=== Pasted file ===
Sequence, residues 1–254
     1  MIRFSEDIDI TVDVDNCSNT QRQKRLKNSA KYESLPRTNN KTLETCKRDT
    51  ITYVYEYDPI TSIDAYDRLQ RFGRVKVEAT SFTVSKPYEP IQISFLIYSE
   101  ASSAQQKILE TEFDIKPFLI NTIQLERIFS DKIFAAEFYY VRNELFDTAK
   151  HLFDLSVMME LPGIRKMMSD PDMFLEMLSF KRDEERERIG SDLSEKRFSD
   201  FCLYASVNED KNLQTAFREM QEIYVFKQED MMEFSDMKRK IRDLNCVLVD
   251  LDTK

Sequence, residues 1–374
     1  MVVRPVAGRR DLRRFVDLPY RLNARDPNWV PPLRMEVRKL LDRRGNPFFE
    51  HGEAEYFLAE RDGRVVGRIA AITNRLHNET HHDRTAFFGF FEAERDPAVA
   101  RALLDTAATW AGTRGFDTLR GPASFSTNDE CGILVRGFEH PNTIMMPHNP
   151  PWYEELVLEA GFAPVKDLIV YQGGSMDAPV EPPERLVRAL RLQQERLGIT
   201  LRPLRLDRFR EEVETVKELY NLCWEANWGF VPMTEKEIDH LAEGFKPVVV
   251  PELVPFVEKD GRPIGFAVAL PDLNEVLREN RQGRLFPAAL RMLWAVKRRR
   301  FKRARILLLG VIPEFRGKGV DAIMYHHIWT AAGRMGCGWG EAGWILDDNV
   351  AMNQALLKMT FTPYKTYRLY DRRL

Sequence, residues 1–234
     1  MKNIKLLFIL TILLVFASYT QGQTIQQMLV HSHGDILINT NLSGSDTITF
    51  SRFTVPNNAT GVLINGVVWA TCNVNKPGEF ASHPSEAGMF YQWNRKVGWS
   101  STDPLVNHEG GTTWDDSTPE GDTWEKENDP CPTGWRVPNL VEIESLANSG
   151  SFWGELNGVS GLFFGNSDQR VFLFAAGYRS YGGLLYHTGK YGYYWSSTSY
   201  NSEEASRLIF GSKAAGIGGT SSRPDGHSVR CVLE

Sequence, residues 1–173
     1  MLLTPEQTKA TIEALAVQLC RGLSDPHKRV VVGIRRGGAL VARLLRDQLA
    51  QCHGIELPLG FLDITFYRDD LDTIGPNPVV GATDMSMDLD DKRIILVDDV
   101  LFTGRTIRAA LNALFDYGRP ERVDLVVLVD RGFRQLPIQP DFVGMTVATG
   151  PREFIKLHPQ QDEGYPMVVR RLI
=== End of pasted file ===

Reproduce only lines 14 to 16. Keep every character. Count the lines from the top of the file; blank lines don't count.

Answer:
   251  PELVPFVEKD GRPIGFAVAL PDLNEVLREN RQGRLFPAAL RMLWAVKRRR
   301  FKRARILLLG VIPEFRGKGV DAIMYHHIWT AAGRMGCGWG EAGWILDDNV
   351  AMNQALLKMT FTPYKTYRLY DRRL